This week we were busy with a whole LOAD of fabulous things, but maybe our favorite was when we did a Mystery Skype with Ms. Turken on Thursday! She is a beloved teacher who used to work at our school, but who has taken a year away to teach English in Ecuador. That’s pretty amazing, right?
Well, when we had an opportunity to chat with her, we were beyond excited! The best part, though, in my mind, was that most kiddos in my class didn’t know that she was where she was, so we decided to do a Mystery Skype with her.
It started in much the same way as the ones we’ve done previously this year–with us asking questions, using the computer and our big world map to figure out clues related to the answers, and then narrowing in on the location of our Mystery Skyper.
This was a special Mystery Skype, though, for a couple of reasons. First of all, Mr. Kieschnick’s class came to sit in with us, so that they could learn how to do Mystery Skype, too. That meant that we had 40 heads to help us figure out the clues instead of just our 20! We kept talking, too, once we knew Ms. Turken’s location, since, of course, the real reason we called was to visit with our old friend. She told us all about her life in Ecuador, including the food, her classroom where she teaches English, and she even gave us a little tour of the house where she’s living. We learned many things about her (which I think I will leave for my students to tell you in the comments!), and had a great conversation.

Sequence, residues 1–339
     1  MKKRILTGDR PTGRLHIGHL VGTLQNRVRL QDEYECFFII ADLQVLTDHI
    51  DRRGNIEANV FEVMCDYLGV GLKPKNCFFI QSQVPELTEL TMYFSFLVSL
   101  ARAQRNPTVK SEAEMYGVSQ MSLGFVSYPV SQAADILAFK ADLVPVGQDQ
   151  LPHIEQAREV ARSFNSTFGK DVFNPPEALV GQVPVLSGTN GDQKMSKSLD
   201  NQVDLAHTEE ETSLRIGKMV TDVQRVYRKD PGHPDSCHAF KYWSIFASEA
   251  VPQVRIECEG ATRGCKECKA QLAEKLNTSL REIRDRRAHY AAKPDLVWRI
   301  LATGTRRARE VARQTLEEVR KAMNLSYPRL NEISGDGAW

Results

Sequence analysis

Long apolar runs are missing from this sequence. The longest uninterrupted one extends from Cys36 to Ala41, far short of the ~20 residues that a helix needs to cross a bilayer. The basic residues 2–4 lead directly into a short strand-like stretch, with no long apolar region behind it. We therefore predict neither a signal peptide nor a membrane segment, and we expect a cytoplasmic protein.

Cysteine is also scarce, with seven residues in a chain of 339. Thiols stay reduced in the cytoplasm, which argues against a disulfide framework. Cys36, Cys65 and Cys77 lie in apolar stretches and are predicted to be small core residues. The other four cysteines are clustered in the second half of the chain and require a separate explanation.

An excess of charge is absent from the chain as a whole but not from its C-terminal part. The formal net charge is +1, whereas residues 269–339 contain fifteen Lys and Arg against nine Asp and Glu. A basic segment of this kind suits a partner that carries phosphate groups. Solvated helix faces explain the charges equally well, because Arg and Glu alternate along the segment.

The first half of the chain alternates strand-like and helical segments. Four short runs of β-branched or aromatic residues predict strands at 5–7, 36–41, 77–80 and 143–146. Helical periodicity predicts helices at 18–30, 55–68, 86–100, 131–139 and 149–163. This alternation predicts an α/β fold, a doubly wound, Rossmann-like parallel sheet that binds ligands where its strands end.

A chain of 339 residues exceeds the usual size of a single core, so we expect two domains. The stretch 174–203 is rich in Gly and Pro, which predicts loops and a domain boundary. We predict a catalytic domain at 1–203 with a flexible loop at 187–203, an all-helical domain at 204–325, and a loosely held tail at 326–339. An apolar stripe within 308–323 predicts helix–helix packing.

And then, something very cool–and unexpected–happened. Since Ms. Turken teaches English, but has to know how to both speak and understand Spanish to do that, someone asked that she speak to us in Spanish so we could hear what they sounds like. Well, that’s a little bit weird unless you have a reason to be saying something, or someone to speak to in Spanish. Remember how I told you that Mr. K’s class was there? Well, a friend of his, Andres, piped up and offered to have a quick conversation with Ms. Turken in Spanish while we all watched and listened. Perfect!
Ms. Turken began by asking him about school (escuela). They went back and forth, and I know enough Spanish that I could figure out they were talking about math (mathematicas) and books (libras). So while I couldn’t join in on the conversation, I could at least follow along. Sophia, whose dad is from Peru, was also helpful in translating much of it to those sitting by her. It was so cool to see the looks on everyone’s faces while Ms. Turken and Andres rattled away in another language–I know I heard “How do they do that?” several times and definitely saw big smiles and wide eyes on the faces of many.
Thank you, Ms. Turken, for a great morning, getting to know more about you and the adventures you are having in Ecuador! We’re excited to learn more (she sent us questions to research) and to speak to you again soon!